Seamanship Quotation

“In political activity, then, men sail a boundless and bottomless sea; there is neither harbour for shelter nor floor for anchorage, neither starting-place nor appointed destination.”
— from Michael Oakeshott's
Political Education” (1951)

Monday, May 9, 2016

Conservatives make poor fans

A sulky cloud has soiled Donald Trump’s first week as the presumptive nominee of the Republican Party over Washington. Professional conservatives aren’t big fans. They’re “not ready” to lend their awesome intellectual reputations to his campaign for the Presidency of the United States. The un-reluctant warriors of American politics are reluctant.

Their lack of enthusiasm for The Donald may have no impact on the outcome of the election in November. But, it is, at least, conservative. Conservatives make lousy fans. Their heads are never in it.  Conservative Washington insider is an oxymoron. Speaker Ryan’s success—and his vision of a conservative president—is based on the debasement of conservative thinking. 

Let me explain.

In presidential elections, the mass market Republican Party competes with the mass market Democratic Party. In the United States of America, mass parties can’t be conservative; they are either good or bad liberals. And, hopefully, they will continue to be for another century.

America’s place in the world and Washington’s place in America are fixed. Beginning with the end of WW1 and ratified by the collapse of the Soviet Union in 1989, the United States has driven the creation of a needy, restless, egalitarian-talking—liberal—world and now, as its one superpower, it is obliged to keep it going.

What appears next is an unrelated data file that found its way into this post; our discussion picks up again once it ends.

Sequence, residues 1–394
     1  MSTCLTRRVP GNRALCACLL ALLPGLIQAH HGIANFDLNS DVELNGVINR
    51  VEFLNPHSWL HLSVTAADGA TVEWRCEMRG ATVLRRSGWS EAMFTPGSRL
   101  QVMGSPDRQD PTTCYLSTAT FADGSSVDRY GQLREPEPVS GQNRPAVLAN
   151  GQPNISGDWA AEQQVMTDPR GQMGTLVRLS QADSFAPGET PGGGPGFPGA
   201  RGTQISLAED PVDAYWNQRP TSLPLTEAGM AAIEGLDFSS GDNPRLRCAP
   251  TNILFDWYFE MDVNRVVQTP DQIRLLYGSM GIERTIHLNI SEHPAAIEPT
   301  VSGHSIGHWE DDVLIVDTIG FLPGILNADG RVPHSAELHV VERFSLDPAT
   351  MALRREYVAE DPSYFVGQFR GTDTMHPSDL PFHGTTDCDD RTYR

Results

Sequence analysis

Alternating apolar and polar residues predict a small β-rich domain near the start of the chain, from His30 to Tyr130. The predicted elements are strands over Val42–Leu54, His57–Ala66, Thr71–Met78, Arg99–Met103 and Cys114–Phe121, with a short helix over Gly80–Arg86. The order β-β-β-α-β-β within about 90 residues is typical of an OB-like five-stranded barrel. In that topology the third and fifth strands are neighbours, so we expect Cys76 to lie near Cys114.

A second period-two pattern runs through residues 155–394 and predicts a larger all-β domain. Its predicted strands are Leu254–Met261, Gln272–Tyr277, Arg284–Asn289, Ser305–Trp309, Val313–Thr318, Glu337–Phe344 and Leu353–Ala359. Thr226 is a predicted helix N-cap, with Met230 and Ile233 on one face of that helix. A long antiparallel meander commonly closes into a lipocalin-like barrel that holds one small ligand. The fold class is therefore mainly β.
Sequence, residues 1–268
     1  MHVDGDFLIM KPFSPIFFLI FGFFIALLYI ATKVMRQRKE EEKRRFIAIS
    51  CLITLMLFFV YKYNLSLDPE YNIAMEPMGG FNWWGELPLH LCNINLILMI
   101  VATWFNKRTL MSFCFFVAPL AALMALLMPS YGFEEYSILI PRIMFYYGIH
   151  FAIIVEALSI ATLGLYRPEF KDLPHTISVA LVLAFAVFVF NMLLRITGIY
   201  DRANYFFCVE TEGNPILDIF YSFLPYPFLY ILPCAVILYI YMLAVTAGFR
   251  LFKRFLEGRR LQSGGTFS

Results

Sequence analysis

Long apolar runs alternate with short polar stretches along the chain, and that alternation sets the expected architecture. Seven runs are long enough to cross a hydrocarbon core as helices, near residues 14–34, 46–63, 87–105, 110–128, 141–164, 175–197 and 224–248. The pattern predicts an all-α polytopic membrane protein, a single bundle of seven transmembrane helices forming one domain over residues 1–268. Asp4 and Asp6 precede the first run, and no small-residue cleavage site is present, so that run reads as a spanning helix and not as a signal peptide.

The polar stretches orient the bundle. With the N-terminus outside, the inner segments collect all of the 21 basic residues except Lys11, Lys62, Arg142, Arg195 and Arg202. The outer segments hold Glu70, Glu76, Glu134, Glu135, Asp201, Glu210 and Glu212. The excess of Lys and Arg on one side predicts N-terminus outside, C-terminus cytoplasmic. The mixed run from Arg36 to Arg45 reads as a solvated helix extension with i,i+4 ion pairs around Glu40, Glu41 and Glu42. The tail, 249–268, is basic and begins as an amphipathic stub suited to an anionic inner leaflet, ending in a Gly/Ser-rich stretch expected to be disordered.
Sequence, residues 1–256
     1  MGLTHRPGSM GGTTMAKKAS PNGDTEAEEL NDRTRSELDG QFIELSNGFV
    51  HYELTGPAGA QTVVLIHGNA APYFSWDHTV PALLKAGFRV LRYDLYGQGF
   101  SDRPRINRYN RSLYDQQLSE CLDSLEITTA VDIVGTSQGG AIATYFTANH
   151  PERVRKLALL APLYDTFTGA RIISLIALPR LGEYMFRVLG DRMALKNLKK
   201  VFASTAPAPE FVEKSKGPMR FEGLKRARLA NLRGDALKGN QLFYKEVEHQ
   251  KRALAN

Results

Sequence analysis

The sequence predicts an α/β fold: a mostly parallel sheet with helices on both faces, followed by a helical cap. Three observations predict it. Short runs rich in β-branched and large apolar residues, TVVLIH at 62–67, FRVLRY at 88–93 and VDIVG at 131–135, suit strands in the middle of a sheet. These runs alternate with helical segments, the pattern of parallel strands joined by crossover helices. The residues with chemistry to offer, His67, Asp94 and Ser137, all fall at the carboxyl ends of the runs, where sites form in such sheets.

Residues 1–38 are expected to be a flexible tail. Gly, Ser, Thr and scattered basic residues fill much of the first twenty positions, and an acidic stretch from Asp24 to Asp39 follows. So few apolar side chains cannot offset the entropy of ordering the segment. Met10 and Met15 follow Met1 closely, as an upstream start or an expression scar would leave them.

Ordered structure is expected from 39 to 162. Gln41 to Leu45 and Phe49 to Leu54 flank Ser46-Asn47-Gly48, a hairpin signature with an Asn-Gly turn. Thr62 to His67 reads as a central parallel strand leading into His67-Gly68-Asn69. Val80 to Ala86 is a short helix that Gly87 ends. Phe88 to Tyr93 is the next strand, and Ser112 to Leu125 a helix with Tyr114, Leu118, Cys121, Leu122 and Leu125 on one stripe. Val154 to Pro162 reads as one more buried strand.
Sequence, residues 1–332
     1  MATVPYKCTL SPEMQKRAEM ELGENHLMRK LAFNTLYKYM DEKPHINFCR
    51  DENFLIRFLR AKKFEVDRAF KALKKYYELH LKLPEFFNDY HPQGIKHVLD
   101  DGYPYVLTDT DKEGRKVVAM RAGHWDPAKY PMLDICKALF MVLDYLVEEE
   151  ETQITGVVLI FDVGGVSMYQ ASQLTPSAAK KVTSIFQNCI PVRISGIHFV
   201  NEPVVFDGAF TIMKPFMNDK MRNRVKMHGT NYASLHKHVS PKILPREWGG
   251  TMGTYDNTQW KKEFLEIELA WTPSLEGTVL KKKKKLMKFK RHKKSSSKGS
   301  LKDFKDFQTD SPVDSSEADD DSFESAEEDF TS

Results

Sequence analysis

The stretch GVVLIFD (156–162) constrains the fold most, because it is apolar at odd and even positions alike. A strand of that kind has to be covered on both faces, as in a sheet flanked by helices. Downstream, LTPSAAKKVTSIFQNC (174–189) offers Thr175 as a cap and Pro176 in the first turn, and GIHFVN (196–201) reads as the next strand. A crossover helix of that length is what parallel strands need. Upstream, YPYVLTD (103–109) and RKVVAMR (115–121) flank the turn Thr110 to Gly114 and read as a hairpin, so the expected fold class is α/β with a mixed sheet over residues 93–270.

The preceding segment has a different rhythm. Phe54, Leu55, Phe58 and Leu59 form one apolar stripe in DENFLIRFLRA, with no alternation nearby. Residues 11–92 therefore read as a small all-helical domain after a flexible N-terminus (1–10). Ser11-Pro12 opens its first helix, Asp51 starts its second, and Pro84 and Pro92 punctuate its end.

Small countries like Canada can elect new brands as far apart as Justin Trudeau and Stephen Harper. Few notice; fewer take offence. Their leaders can choose to tackle problems with comfortable solutions. The President, meanwhile, must sit behind his desk each morning, and eat shit, and leak to the New York Times that it smells oh so sweet.

Writing a conservative manifesto for the Cleveland Convention may save Paul Ryan’s sophomoric face. But it will have little to do with the conscience of careful Americans in November.

The voters will elect a president who will work inhumanly long hours on fixing, containing, stalling, and neglecting problems. Think tanks will hum out papers on “small government,” and the White House will govern.

The conservative temperament can ally itself with liberals in a hurry, liberals with outside interests, liberals raised on power, adaptable liberals, and adventurous or prudent liberals. That’s the menu.  

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